# How to make a lightweight 10kv 500 watt power supply?

I need to convert up to 500 watts of 12 volt to at least 10 kv. It's important that it has both +10kv and -10kv. Right now I'm thinking flyback converter driven by a 555 to 1000 volts then voltage multiplier to 16kv. It's important that it's light so I don't want a regular flyback transformer. I'm wondering how duty cycle effects a transformer. Does it effect it like it would with an inductor-based boost converter? If so, then according to this calculator http://www.ladyada.net/library/diyboostcalc.html I would need an 88% (88% high?) duty cycle to get 12 volts up to 100 volts with a boost converter. Does this mean with a 1-10 transformer I could get 1000 volts from 12 volts with an 88% duty cycle?

If so, then I need a light weight 1-10 transformer. I'm thinking winding a toroidal transformer will be best? So I could get a ferrite toroid (I'm thinking material 61, size 114) and wind a 1-10 transformer, but I need to make sure it doesn't saturate. Do I find out the saturation just like I would an inductor in a boost converter? If so, then according to the same calculator, the higher the output current, the less henries I need. So that means if I don't draw enough power it will saturate? I'm probably going to use 25 khz, so according the the calculator, if it's 100 watts then I need a little over a 25 henry primary. But if I use 500 watts, then I only need a little over 5 henries? This doesn't seem right. Soooo according to this toroid winding calculator http://www.66pacific.com/calculators/toroid_calc.aspx with a material 61, size 114 toroid, I would need 2 primary turns if it was drawing a minimum of 100 watts (the lower inductance/higher current can't be right can it?) and then I would need 200 turns.

Sooo my question are (haha) is this a good idea for a light weight high power hv power supply, if so are the similarities I'm assuming between boost and flyback converter correct, and if so, how many/how do I figure out how many windings I would need on each side of a toroidal transformer/ how do I figure out what inductance I need for the primary. I have pretty good experience making boost converters but I've never made anything hv. Very long question thank you this is for an ion thruster.

If so, then I need a light weight 1-10 transformer. I'm thinking winding a toroidal transformer will be best? So I could get a ferrite toroid (I'm thinking material 61, size 114) and wind a 1-10 transformer, but I need to make sure it doesn't saturate. Do I find out the saturation just like I would an inductor in a boost converter? If so, then according to the same calculator, the higher the output current, the less henries I need. So that means if I don't draw enough power it will saturate? I'm probably going to use 25 khz, so according the the calculator, if it's 100 watts then I need a little over a 25 henry primary. But if I use 500 watts, then I only need a little over 5 henries? This doesn't seem right. Soooo according to this toroid winding calculator http://www.66pacific.com/calculators/toroid_calc.aspx with a material 61, size 114 toroid, I would need 2 primary turns if it was drawing a minimum of 100 watts (the lower inductance/higher current can't be right can it?) and then I would need 200 turns.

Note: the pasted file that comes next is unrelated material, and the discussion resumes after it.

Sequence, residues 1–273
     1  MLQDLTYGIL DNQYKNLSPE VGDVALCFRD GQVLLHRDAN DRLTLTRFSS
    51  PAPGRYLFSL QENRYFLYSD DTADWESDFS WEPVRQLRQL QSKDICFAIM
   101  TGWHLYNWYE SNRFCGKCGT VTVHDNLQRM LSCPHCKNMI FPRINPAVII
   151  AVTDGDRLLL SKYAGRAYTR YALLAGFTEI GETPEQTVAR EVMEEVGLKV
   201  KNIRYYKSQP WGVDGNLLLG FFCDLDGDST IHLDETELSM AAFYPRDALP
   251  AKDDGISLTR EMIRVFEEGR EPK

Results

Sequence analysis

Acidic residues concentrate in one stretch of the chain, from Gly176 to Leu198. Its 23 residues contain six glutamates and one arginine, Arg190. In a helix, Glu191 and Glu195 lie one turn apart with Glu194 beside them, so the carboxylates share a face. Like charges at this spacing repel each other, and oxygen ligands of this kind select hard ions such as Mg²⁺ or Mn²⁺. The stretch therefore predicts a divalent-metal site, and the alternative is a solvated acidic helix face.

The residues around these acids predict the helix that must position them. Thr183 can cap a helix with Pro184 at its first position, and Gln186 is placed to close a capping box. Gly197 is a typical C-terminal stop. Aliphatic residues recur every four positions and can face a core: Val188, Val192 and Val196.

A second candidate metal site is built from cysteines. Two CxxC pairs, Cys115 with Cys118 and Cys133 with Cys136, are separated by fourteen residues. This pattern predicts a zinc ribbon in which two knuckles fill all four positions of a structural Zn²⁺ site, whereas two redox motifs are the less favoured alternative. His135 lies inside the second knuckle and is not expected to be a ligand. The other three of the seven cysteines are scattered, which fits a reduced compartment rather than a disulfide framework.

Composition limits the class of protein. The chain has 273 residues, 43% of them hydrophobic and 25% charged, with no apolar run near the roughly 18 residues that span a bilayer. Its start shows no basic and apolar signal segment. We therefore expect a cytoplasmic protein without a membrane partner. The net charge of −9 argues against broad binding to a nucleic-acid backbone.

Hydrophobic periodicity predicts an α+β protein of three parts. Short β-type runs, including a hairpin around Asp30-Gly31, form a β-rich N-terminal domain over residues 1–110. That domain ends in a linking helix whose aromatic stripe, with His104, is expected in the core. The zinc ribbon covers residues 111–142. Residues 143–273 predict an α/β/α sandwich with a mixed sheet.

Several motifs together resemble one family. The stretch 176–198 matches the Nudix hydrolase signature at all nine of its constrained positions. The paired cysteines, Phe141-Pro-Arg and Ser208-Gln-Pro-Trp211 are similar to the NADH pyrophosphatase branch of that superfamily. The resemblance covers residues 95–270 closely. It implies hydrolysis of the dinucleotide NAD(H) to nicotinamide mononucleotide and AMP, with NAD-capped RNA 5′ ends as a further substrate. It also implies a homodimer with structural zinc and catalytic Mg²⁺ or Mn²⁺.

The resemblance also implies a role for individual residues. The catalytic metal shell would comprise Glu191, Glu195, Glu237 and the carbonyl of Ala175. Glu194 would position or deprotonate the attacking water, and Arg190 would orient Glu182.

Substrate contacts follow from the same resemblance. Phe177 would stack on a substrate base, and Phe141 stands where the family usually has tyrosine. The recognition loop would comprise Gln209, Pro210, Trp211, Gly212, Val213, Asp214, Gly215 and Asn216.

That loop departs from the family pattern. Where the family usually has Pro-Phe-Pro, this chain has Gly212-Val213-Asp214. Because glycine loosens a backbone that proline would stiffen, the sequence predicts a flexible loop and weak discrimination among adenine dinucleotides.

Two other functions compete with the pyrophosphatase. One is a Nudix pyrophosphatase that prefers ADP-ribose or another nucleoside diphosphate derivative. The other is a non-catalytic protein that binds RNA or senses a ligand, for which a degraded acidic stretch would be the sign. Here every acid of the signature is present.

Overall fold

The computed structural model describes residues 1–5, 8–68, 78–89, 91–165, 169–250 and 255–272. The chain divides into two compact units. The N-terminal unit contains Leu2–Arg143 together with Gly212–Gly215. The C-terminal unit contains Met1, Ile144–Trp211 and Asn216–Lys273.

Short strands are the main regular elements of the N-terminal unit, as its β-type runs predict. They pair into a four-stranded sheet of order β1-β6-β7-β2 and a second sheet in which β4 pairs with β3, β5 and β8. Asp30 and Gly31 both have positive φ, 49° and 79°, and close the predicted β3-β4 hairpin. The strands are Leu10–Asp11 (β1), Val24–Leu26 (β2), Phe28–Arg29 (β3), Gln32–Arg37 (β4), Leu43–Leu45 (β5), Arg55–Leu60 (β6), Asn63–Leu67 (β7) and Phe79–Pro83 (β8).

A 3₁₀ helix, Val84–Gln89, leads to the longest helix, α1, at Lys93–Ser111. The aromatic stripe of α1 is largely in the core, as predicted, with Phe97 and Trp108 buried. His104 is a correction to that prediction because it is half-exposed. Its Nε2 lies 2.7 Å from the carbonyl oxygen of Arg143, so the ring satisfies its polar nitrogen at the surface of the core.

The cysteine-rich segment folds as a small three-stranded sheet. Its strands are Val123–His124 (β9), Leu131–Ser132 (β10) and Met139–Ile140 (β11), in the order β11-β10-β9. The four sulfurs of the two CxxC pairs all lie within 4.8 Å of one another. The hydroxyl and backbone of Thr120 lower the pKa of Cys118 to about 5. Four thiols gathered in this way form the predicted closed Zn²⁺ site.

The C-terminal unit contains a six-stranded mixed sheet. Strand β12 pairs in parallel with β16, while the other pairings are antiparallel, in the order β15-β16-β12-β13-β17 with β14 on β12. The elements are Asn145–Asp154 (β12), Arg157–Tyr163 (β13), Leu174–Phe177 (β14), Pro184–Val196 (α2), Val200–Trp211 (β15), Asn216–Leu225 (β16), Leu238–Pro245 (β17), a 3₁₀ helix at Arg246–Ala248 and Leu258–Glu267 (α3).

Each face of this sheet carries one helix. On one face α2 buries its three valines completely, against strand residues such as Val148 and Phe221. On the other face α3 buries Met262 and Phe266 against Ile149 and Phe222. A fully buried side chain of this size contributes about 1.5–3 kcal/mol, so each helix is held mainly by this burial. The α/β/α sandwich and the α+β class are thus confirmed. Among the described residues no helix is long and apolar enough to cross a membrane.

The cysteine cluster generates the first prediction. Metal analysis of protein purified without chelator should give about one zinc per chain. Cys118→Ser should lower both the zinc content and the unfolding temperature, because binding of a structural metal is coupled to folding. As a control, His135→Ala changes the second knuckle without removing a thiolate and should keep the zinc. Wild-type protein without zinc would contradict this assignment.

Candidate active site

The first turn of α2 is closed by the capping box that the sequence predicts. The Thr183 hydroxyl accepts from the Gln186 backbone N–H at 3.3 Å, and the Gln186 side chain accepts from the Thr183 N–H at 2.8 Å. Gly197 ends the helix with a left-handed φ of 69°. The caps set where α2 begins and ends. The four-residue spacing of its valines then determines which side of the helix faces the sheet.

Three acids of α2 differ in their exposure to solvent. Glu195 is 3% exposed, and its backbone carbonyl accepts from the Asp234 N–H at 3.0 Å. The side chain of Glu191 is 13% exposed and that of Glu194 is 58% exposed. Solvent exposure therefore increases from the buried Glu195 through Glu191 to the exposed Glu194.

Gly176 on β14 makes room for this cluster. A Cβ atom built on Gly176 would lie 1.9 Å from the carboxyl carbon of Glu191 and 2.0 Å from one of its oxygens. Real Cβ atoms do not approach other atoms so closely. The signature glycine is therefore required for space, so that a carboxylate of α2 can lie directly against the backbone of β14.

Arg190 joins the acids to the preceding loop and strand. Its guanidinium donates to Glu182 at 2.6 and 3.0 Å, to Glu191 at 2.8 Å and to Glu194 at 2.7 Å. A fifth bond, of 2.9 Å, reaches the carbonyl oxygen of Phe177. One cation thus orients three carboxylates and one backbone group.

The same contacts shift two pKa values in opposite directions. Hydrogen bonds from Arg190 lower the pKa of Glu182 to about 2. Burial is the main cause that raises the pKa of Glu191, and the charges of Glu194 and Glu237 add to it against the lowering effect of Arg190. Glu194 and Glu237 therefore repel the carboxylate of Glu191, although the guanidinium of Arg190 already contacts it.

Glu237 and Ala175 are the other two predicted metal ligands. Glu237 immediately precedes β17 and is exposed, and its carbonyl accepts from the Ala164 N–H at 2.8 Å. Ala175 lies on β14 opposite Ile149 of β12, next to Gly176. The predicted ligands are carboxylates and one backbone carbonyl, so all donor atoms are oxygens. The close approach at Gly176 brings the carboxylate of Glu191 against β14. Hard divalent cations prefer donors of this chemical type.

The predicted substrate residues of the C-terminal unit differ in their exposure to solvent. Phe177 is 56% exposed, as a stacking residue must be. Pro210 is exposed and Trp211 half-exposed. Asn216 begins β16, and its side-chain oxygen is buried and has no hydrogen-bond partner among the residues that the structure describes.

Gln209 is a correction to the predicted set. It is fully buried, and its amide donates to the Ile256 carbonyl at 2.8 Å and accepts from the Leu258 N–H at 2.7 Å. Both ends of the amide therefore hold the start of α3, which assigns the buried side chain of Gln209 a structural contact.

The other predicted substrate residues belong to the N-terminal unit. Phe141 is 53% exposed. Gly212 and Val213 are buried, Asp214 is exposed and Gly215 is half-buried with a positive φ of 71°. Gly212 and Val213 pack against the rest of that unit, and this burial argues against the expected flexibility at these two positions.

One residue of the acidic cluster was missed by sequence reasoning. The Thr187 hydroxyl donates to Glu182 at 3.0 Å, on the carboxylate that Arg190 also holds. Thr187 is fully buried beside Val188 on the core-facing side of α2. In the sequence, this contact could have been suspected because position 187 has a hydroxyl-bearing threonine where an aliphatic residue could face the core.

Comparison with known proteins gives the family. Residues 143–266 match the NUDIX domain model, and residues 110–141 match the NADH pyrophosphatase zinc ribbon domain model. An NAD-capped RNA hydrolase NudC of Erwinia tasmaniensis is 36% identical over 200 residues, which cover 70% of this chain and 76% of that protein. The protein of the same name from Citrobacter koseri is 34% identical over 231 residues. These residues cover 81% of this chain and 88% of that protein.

Sooo my question are (haha) is this a good idea for a light weight high power hv power supply, if so are the similarities I'm assuming between boost and flyback converter correct, and if so, how many/how do I figure out how many windings I would need on each side of a toroidal transformer/ how do I figure out what inductance I need for the primary. I have pretty good experience making boost converters but I've never made anything hv. Very long question thank you this is for an ion thruster.

active| newest | oldestyou can use a old automotive ignition, they convert 12V to 10KV to ignite the spark plugs, they are alot of you tube videos about that.

Now, a spark coil is at most only a couple of watts

Leaving 498 watts to come out of the zero point aether... :)

A

weight is inversely proportional to frequency

Saturation is inversely proportional to frequency

( lower frequency saturates sooner )

12V to 10,000V is a turns ratio of 1:833 twice for +- 10kv

500watts at 10kv is 50ma reflected back to 12v is 42 Amps

at a 100% efficiency . A 12V 50 Amp battery is heavy !

To support the energy transfer your core material BH curve

must be known, how many watt seconds it can support

I don't think you can get away with 2 primary turns more like 30

and you will not be able to fit the secondary winding even on a

split core toroid .

A

Switchers at this kind of power/voltage are HIGHLY specialist designs.

500Wat 10KV.1:10transformer can only multiply the primary voltage by ten at the secondary. It also divides the available current by ten at the secondary.This isn't a project for a beginner.

The 12V supply must be capable of 550 Watts

When running depending on efficiency of design, the transformer

will take 15 Watts 85% eff.

If the core Saturates fore some reason (

_{power transistor shorted})the windings will begin to absorb all of the 550 Watts and get

very hot ! ! !A

generates more flux then the core can contain forcing additional flux to

permeate the surrounding space which does not require energy to align magnetic core domains ( inductive reluctance )..

Now as long as there is voltage the current will raise up to the limit of

the DC copper wire winding resistance turning the coils into a toaster !

A

L

I think this may be your first problem.

10Kv isn't something you should be playing with unless your fully experienced - Your talking about the sort of voltages that you get on the electricity transmission pylons - Would you mess with them?

Sorry to be negative but

a) I don't think your going to get this to work.

b) it is going to be costly

c) It would be VERY dangerous.